(NewsUSA) - Women ages 30 and older are growing increasingly aware of new wrinkles with each passing year. Yet, evidence suggests that sun spots may have as much of an impact on age-related appearance as wrinkles.
Nearly 63 percent of women older than age 35 experience age or sun spots, discolorations and uneven skin tone. The dark side? The problem reflects your apparent age.
"Getting a clear, even skin tone without discoloration is just as important as wrinkle-fighting to achieving a rejuvenated, youthful appearance," says Dr. Ellen Marmur, prominent New York City dermatologist and author of "Simple Skin Beauty." "To some patients, it's even more important."
Dermatologists like Marmur call it hyperpigmentation, but its various types are commonly known as age spots, sun spots, liver spots, freckles and melasma, brown patches of skin triggered by a hormone imbalance. Age spots, sun spots and liver spots are all the same ailment -- pouches of melanin where the skin pigment has overproduced and dumped uneven amounts, the majority of which are a result of sun damage.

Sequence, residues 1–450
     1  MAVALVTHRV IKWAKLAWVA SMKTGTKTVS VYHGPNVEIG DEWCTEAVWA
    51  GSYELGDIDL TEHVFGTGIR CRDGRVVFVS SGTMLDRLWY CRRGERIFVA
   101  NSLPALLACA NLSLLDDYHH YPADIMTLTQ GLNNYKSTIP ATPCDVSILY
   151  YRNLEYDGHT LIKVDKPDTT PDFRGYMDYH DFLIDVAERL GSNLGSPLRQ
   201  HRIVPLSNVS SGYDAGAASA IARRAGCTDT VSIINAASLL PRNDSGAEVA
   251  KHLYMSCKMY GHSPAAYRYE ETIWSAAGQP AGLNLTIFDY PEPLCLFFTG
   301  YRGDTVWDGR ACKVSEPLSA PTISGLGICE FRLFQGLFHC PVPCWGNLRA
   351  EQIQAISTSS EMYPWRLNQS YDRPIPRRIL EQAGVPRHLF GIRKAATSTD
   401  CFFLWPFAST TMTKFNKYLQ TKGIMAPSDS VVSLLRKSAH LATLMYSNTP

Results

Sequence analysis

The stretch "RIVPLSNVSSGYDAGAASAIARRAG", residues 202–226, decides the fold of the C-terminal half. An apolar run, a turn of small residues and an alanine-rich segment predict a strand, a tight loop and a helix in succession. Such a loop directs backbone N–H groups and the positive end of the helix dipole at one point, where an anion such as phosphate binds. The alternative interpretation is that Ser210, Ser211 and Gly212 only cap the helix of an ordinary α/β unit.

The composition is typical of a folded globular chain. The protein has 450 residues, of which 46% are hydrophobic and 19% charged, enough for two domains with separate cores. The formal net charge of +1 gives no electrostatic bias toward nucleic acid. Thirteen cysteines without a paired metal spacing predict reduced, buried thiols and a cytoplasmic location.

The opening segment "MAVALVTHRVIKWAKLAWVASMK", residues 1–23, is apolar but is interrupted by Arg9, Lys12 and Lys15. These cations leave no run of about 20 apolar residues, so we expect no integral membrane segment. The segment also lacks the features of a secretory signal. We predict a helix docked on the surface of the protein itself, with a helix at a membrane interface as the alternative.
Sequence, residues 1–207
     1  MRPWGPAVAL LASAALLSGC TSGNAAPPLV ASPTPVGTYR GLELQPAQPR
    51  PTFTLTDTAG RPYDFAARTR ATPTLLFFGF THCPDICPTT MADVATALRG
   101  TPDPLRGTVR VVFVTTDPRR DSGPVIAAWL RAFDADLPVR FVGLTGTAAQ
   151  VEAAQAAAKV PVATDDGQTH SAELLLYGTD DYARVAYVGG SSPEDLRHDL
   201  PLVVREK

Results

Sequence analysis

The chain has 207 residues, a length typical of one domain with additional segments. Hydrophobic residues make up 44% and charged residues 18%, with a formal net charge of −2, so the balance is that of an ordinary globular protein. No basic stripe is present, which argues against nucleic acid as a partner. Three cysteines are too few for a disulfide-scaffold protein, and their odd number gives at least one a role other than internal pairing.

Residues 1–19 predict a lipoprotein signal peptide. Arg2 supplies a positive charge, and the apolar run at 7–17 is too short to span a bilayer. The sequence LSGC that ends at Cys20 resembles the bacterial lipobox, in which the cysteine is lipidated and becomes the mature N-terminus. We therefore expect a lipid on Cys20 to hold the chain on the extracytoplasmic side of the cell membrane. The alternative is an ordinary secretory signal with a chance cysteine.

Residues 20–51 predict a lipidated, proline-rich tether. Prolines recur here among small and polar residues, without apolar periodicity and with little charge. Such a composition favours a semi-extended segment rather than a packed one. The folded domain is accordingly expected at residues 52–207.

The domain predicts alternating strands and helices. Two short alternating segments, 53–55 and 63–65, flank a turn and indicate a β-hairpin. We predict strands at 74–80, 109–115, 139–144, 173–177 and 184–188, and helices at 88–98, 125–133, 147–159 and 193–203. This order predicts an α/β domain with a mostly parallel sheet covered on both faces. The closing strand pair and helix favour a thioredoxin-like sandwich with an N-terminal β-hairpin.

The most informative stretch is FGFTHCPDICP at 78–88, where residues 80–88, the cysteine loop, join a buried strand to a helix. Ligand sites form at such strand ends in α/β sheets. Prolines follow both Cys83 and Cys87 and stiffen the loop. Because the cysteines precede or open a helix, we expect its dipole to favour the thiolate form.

According to Marmur, the two most used topical treatments for discoloration are hydroquinone and retinoids, which both may have irritating side effects and require a prescription. However, there are new alternative, over-the-counter solutions that are clinically proven to work quickly without the same risky side effects.
But to treat the long-term problem, sufferers of dark spots should also heed the following sun advice:
* Wear sunscreen year-round with an SPF of 30.
* For prolonged sun exposure, get a wide-brimmed hat to wear outdoors.
* Neutralize stubborn spots with concealer.
* Beware of products that bleach skin, as this can cause white spots, another form of discoloration.